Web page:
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ASOC 23A10 - Significant Topics in Sociology : Gender

Type d'enseignement : Lecture and tutorials

Semester : Autumn 2018-2019

Number of hours : 48

Language of tuition : English

Pre-requisite

aucun

Course Description

Although gender has long structured social relations and categories of thought, sociological work in France had barely broached the topic before the end of the 20th Century. The objective of this course is to show how gender applies to multiple fields of sociology, whether the sociology of family, work, school, migrations or urban spaces. Far from constituting a “specific” course on gender, this course is therefore, rather, a general sociology course which systematically integrates gender into the study of larger sociological questions, starting with the reproduction of societies through key social institutions such as the family, school or the workplace. The course is organized into 6 principal lectures (24h CM) and 6 discussion workshops (24h TD). The workshops will discuss the obligatory readings (1 for every 2-hour session) as well as the concepts broached in the lectures, and link them to current debates on gender inequality (such as parity laws or the #metoo movement on sexual harassment).

Teachers

  • DEMONTVALON, Prune
  • SCHUFT, Laura (Enseignante chercheure)

Pedagogical format

1. Introduction - What is gender? What are sociological studies on gender about? - Sex, gender and nature Obligatory reading: Anne Fausto-Sterling, Sexing the body. Gender politics and the construction of sexuality, Basic Books. Chapter 4: “Should there be only two sexes?”, p. 78-114, 2000. 2. Gendered socialization - Socialization Obligatory reading: Kane, E. “‘No Way My Boys Are Going to Be Like That!' ”: Parents' Responses to Children's Gender Nonconformity.” Gender & Society, vol. 20, n°2, pp. 149-176, 2006. - School Obligatory reading: Edward Morris “‘Tuck in That Shirt!' Race, Class, Gender, and Discipline in an Urban School”. Sociological Perspectives, vol. 48, n°1, pp. 25-48, 2005. 3. Gendered institutions - Work Obligatory reading: Adia Harvey Wingfield, “Racializing the Glass Escalator: Reconsidering Men's Experiences with Women's Work”, Gender & Society, vol. 23 n°1, pp. 5-26, 2009. - Health Obligatory reading: Will Courtenay, “Constructions of masculinity and their influence on men's well-being: a theory of gender and health”, Social Science & Medicine, n°50, 2000. 4. Gender and intersectionality - Intersectionality Obligatory reading: Patricia Hill Collins, Black Sexual Politics. African Americans, Gender, and the New Racism, NY, Routledge, 2004, Chapter 3 (pp.87-116) : “Prisons for Our Bodies, Closets for our Mind”. - Gender and sexuality Obligatory reading: Michael Kimmel, “Masculinity as Homophobia. Fear, Shame, and Silence in the Construction of Gender Identity”, in Brod H. and Kaufman M. (dir.) Theorizing Masculinities, Thousand Oaks, Sage, 1994.   5. Mobility and space - Public space Obligatory reading: Stéphanie Condon, Marylène Lieber, Florence Maillochon "Feeling unsafe in public places : understanding women's fears", Revue française de sociologie, vol. 48, supplément, 2007, pp. 101-128. - Migrations Obligatory reading: Florence Lévy, Marylène Lieber, "Sex and emotion-based relations as a resource in migration: Northern Chinese women in Paris", Revue Française de Sociologie – English Issue, vol. 52, supplément, 2011, pp. 3-28. 6. Gender and politics - Gender and (post)colonial power Obligatory reading: Ann Laura Stoler, « Introduction. Genealogies of the intimate. Movements in colonial studies », in Carnal Knowledge and Imperial Power: Race and the Intimate in Colonial Rule. Berkeley, University of California Press, 2010 [2002]. - Politics and social hierarchy Obligatory reading: Eric Fassin (2010). “National Identities and Transnational Intimacies: Sexual Democracy and the Politics of Immigration in Europe”. Public Culture, 22(3), pp. 507-529.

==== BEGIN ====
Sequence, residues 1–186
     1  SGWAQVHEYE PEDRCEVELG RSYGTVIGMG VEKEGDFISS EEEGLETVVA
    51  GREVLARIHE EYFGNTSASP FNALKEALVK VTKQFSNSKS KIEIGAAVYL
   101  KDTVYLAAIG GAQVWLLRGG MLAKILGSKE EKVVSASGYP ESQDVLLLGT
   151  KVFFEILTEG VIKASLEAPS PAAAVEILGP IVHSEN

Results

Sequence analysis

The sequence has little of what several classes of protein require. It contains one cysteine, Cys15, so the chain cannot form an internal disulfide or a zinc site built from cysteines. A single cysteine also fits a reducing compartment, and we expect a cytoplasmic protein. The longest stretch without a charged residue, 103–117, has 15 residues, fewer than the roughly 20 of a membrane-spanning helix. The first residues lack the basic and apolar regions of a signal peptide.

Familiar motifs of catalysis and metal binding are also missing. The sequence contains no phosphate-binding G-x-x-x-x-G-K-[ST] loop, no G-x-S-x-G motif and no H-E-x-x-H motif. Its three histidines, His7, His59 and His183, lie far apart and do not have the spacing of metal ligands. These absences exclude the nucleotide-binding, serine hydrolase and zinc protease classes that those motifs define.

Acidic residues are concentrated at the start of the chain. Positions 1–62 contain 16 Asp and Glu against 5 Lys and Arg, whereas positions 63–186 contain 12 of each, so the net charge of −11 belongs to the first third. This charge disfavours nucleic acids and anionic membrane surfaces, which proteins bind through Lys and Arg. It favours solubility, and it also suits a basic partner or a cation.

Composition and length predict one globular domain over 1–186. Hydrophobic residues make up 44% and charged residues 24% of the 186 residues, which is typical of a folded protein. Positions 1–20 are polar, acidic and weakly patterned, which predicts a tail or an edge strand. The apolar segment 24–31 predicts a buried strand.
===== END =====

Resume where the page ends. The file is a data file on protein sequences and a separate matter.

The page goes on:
Course validation

The final exam constitutes 1/3 of the course grade, while the discussion workshop grades constitute the remaining 2/3 of the course grade. The discussion workshop grade is constituted by: a mid-term exam (30%), an oral presentation (30%), and participation and compliance with homework (10%).

Required reading

Kimmel, Michael S., Amy Aronson & Amy Kaler (2015). The Gendered Society Reader, 3rd edition, Oxford University Press.

Additional required reading

  • Bereni, Laure, Chauvin, Sébastien, Jaunait, Alexandre, et Revillard, Anne (2012), Introduction aux études sur le genre, Bruxelles, de Boeck.
  • Clair, Isabelle (2012), Sociologie du Genre, Armand Colin.
  • Neveu, Erik et Guionnet, Christine (2009), Féminins-masculins: sociologie du genre, Paris, Armand Colin (2ème édition)
  • Achin, Catherine (2005), “Un « métier d'hommes » ? Les représentations du métier de député à l'épreuve de sa féminisation”, Revue française de science politique, vol. 55, n° 3, p. 477–499
  • Butler, Judith (1999 [1990]), Gender Trouble: Feminism and the Subversion of Identity, Routledge
  • Connell, R. W. (2005), Masculinities, Cambridge, Polity Press.
  • Delphy, Christine (1998), L'ennemi principal, 1. Economie politique du patriarcat, Paris, Syllepse
  • Achin, C., & Bereni, L. (2013). Genre et science politique. Concepts, objets, problèmes. Paris: Presses de Sciences po/ Sociétés en mouvement
  • Dorlin, Elsa (2008), Sexe, genre et sexualités : introduction à la théorie féministe, Paris, PUF

Senior lecturers

  • DEKKER, Mischa (ATER)
  • SELEK, Pinar (Maitre de conférence contractuel)